Tuesday, 16 April 2013

Lent 5 sermon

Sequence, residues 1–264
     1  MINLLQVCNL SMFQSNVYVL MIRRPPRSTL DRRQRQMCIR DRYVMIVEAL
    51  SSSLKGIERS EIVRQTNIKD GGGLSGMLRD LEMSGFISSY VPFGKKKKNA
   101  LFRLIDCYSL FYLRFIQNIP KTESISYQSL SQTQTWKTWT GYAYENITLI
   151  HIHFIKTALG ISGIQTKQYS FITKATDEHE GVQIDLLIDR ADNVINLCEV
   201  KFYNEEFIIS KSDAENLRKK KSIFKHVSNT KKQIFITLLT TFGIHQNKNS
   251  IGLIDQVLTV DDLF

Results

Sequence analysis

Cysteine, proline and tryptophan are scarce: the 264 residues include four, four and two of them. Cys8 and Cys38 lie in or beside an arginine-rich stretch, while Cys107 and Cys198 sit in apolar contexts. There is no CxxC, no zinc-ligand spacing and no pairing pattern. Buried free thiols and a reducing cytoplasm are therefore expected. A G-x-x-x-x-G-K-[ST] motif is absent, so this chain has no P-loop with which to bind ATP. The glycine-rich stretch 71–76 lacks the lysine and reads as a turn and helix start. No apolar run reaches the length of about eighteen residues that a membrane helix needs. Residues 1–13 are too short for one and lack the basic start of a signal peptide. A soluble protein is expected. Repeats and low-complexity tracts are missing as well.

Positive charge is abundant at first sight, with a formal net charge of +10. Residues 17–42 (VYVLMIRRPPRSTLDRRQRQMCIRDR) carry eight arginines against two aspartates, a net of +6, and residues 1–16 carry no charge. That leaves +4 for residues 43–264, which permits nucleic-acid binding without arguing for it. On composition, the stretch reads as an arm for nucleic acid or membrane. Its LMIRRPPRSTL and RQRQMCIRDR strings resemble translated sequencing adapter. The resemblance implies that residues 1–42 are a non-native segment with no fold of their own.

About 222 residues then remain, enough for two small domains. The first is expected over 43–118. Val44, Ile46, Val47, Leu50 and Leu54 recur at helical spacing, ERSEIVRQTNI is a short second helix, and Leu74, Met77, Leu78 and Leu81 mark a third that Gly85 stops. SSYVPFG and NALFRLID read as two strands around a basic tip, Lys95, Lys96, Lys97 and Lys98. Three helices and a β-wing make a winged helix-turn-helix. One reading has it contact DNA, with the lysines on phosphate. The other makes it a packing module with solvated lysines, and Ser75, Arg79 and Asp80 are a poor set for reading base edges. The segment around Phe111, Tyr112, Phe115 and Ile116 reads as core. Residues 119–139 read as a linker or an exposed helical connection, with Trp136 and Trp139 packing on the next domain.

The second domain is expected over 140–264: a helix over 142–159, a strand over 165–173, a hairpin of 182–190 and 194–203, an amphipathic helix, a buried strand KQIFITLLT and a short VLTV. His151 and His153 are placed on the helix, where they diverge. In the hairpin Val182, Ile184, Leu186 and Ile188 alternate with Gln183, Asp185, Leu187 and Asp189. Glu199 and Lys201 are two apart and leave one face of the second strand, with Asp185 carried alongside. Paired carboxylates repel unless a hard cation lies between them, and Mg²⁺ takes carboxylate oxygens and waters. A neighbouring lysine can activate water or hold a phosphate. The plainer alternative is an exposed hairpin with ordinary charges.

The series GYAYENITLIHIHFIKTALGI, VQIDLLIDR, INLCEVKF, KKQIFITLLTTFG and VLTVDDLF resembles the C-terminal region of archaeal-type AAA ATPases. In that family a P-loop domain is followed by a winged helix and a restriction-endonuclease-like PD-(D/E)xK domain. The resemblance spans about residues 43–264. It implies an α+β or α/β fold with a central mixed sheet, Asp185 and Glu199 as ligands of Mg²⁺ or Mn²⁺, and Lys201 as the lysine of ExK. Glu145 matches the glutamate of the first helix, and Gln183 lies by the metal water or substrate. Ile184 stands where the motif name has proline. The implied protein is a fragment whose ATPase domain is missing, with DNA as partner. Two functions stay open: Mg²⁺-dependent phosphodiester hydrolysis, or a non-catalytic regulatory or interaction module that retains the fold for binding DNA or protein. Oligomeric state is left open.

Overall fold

Today I want us to think about the value and importance of “silence” in our lives. Many of us hardly ever get to experience silence. The TV is left on in many people’s houses, regardless of the fact that there may be no-one watching it. Many are in constant conversation with someone on the other end of their mobile phone, regardless of whether they have anything to say or not. Many spend hours in front of their computers, sending and receiving emails, twitters and updating their “Facebook” pages. I’m not doing a “grumpy old man” whinge about modern technology because it does have a lot of virtues and uses – but the point I want to make is that there is a virtue in being still, being quiet and finding the truth in the statement that “God is with us always”. Something we may have been taught but regrettably we are no more aware of that truth than we are of the non-stop muzac in the supermarkets. We need to bring silence into the equation that balances our life pattern. I shall return to “planning quiet times” in a while, in the mean time, let us look at our Gospel reading and see what that has to say to us today. The story is set in the “house at Bethany” a place where Jesus seemed to relax and get away from the cares of the world. The house was home to Jesus’ friend Lazarus, whom we are told “Jesus loved” and Lazarus’ sisters Martha and Mary. Martha and her sister Mary were different each from the other. Martha was the “domestic” person – she always seemed to be busy around the house. Cleaning, cooking, waiting at the table whilst Mary just appeared to wait around and listen to whatever Jesus was saying as he spent time with this family. One busy and one quiet, one being unable to stop and the other valuing time of quietness. Martha wasn’t happy. I think one thing missing in her life was time for contemplation – time for silence. Do you have this problem in your life? I shall return to the value of quiet before the end of this sermon. Our story this morning goes on to describe how Mary took a jar of expensive perfume and anointed Jesus’ feet with it and then let her hair down and wiped his feet with it. The aroma of the perfume filled the air. Jesus praised Mary and defended her action that was criticised both by Martha and Judas. Jesus was on his way to Jerusalem to face trial and persecution. He was on his way to face the death of a common criminal. If Jesus didn’t know all about what was coming in detail, he did know that what lay ahead of him was not going to be easy. (Total understatement!) How important this time spent in the company of his friends in the house at Bethany must have been to him. As we read and listen to the story of the next two weeks in Jesus’ life it might be good to try and note how often Jesus “kept silence” – went off to be alone – went off to pray. He did this to gather strength to face and deal with the task that God had given him. The task that he undertook for you and for me. We can also think of others who have used “the sound of silence” to their advantage as they faced their desert journey that is ours through this life. We can read about Elijah finding that God was not in the earthquake or storm but rather in a “small still voice”. We can read of Christians through the millennia who went off to the desert to be quiet and seek God who used to say “to live without speaking is better than to speak without living”. The wise Dalai Lama when asked by his followers how they should reply to all the questions being asked of them replied “Remember that sometimes silence is the best answer.” A quote from Mother Teresa “We need to find God, and he cannot be found in noise and restlessness. God is the friend of silence.” So let me return to the value of silence. All our frantic searching for God is fruitless because God is already here in our hearts; all we have to do is quieten down and listen to the silence. Sometimes we may hear God speaking, more often we will become aware of God in our hearts; giving us a strong feeling about what it is he wants us to do. The purpose of prayer isn’t to talk to God until we succeed in having him change his mind! The Danish Christian philosopher Soren Kierkegaard wrote “Prayer does not change God; it changes the person who prays”. We should aim to be more like Mary who made time to listen to Jesus in silence and she was changed ‘until the house was filled with the fragrance of the perfume.’ We need to find or make time in our lives for silence. As least once a week for a period of time from five minutes to an hour just to be completely quiet. Quaker, William Penn said “True silence is the rest of the mind, it is to the spirit what sleep is to the body; nourishment and refreshment.” Silent contemplation is the ultimate aim of all prayer. The peace and the power which contemplation offers are available to the simplest Christian beginner who makes time to be silent. You could start your contemplation by thinking on the words of a Psalm and thinking of “be still and know that I am God”. The church is going to be open for quite a lot of time during Holy Week – you can find details on the page inside this week’s service sheet. Why not try and come to one or more of the services being offered and find God who is already here in our hearts! Determine to make time for silence, make time to find God. Rev Mike Gibbs 17th March 2013

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